Is your firm at risk if one of your clients undergoes an IRS audit?
Take this short assessment to gauge your firm’s risk today.
Your risk score:
Good news! You’re already doing better than most accounting professionals when it comes to reasonable compensation.
Based on your answers, you’re at a moderate risk for losing a reasonable compensation challenge.
Uh oh! You’re at high risk for losing a reasonable compensation challenge. Don’t worry – we can help!
Educate your clients
Whether via an issue letter, a dedicated section of your engagement letter, or a conversation on the advisory services you offer, make sure your clients fully understand the implications of their reasonable compensation figure.
When you subscribe to RCReports, you’ll get access to our resource library that includes issue and engagement letter templates, IRS guidelines for reasonable compensation, and information on many court cases surrounding the issue that can be used to help educate your clients.
Require data for all reasonable compensation figures
If you sign off on a reasonable compensation figure that the IRS later deems unreasonable, you as the preparer can face penalties and fines! The best way to avoid this is to require independent research and documentation for every client’s reasonable compensation figure and keep that data on file with their tax returns.
If you use RCReports, you’re already tapping into our independent wage database and receive backup for every report you run. Plus, our reports have been battle tested in IRS audits (and never lost)!
Use the right approach to determine reasonable compensation
There are three generally accepted approaches to determining reasonable compensation – the Cost Approach, Market Approach, and Income Approach. The Cost Approach and Market Approach are by far the most common methods used with the Income Approach reserved for outliers.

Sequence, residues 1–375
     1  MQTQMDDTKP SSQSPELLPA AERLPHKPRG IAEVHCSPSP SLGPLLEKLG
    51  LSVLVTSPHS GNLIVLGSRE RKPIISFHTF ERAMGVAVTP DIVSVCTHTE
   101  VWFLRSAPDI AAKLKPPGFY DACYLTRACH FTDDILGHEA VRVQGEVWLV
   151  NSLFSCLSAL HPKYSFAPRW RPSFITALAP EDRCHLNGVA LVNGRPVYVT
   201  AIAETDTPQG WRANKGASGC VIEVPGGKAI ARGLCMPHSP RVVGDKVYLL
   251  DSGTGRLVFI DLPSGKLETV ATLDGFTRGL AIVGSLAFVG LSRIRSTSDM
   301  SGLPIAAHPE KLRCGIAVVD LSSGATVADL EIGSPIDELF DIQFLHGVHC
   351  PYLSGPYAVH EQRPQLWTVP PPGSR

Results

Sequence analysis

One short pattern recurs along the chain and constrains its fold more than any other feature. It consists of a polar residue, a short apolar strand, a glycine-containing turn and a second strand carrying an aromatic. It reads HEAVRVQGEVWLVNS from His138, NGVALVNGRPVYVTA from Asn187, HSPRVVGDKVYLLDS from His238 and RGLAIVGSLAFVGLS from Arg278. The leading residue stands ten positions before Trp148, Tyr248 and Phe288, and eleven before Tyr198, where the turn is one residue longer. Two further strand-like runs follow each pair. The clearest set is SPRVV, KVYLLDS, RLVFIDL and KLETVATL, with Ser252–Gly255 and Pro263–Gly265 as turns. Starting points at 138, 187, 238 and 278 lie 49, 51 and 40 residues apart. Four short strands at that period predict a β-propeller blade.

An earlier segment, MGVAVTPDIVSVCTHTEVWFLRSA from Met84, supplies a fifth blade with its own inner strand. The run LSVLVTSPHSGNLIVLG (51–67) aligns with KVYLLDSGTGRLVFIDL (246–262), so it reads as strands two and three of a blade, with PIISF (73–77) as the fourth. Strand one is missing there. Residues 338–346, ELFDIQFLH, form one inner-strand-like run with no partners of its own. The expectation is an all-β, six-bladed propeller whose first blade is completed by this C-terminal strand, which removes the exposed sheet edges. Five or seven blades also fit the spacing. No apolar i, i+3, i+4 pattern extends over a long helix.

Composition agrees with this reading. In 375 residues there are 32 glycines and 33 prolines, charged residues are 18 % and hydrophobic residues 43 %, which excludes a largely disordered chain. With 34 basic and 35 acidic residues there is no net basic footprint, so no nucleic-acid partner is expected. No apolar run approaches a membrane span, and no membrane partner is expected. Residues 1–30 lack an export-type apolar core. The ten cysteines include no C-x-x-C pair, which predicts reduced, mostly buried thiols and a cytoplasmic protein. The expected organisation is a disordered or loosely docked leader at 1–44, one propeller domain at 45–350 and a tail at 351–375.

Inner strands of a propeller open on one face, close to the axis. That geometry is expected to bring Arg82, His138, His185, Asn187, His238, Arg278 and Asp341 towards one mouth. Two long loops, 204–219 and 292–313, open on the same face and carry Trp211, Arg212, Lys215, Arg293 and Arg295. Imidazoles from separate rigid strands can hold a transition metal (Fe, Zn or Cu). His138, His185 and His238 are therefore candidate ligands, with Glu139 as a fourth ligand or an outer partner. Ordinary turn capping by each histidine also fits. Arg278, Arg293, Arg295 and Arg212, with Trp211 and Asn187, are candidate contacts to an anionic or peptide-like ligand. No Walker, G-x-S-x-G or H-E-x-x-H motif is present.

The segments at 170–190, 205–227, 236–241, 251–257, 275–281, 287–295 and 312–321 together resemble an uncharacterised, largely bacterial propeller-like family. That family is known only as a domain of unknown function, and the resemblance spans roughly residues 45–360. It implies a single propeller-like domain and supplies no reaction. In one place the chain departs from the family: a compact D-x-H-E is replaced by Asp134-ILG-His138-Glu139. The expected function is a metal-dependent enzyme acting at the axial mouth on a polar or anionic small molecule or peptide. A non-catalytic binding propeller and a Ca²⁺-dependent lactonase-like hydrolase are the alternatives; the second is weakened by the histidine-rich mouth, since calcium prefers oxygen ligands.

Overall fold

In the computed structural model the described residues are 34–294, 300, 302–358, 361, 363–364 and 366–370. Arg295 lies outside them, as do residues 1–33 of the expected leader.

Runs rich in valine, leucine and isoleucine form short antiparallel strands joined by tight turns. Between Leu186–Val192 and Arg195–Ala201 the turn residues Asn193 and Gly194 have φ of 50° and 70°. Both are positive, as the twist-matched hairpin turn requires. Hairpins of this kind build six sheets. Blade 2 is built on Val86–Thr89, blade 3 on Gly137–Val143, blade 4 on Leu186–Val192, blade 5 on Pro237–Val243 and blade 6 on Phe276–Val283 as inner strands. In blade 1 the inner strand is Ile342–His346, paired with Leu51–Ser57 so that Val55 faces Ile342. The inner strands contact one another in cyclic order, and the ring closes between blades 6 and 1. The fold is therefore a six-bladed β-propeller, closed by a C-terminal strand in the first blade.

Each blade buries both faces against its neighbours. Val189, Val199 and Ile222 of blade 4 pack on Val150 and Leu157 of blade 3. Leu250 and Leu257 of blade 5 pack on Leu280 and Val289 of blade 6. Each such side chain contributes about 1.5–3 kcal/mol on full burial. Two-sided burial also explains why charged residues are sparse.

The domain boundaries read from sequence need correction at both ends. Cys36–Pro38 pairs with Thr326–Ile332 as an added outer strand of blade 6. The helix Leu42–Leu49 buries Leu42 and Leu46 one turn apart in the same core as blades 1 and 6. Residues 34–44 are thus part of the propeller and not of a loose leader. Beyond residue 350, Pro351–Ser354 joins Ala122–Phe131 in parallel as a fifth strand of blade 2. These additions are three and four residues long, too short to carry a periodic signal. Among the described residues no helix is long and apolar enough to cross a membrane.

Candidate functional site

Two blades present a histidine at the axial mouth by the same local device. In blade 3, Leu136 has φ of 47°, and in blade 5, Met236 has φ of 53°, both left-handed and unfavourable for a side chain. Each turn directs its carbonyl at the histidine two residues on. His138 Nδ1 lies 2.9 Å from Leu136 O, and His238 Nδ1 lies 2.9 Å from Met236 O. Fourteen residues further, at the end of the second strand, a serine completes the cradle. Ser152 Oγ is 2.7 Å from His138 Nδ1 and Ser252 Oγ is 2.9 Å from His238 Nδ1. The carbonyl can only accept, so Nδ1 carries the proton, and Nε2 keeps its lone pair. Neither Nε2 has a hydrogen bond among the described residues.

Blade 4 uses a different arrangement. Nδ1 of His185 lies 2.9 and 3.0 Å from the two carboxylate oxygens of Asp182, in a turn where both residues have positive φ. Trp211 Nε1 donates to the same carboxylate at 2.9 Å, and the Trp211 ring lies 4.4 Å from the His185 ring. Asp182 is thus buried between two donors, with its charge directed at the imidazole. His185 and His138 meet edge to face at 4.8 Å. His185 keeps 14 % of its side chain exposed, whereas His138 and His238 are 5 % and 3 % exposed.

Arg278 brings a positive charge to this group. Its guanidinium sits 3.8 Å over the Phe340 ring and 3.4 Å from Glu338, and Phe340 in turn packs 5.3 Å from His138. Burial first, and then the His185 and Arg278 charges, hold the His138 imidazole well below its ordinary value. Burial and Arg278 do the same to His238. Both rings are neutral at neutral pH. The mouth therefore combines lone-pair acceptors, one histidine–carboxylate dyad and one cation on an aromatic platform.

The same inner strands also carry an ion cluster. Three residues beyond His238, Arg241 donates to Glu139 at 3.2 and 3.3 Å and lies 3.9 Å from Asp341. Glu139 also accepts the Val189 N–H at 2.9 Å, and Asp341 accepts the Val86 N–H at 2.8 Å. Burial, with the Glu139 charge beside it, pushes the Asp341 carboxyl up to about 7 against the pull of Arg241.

It’s important that you as the advisor understand each approach and when to use them. Here’s a great article that explains each approach in detail.
RCReports offers all three of these approaches in our easy-to-use software. Each approach comes with a full report that backs up the number generated.
Stress test the reasonable compensation figure
Even if you use a tool such as RCReports, it’s always good to do a quick stress test against the figure that is provided as you know your client best. You may need to recommend an adjustment to the figure based on different factors such as your client’s education and experience levels or the number of hours they work in the business.
If an adjustment is recommended, you can use the Pro Advisor Worksheet to fine tune the reasonable compensation figure and amend the report provided by RCReports.
Do a quick internal check
Owners should be paid roughly the same amount for performing essentially the same services as non-shareholder employees.
Require S Corp clients to pay themselves via W-2: It’s the law!
All shareholder employees must take reasonable compensation before they can take any distributions from the business. Their reasonable compensation must be paid via W-2 and is subject to normal payroll taxes.
Skipping a W-2 can be expensive if the IRS gets finicky and requires you to go back and amend prior years wage reporting.
If there’s debate about what their reasonable compensation figure should be – run a report in RCReports! That will give you and your client a number backed by independent data and research that will hold up in IRS audit.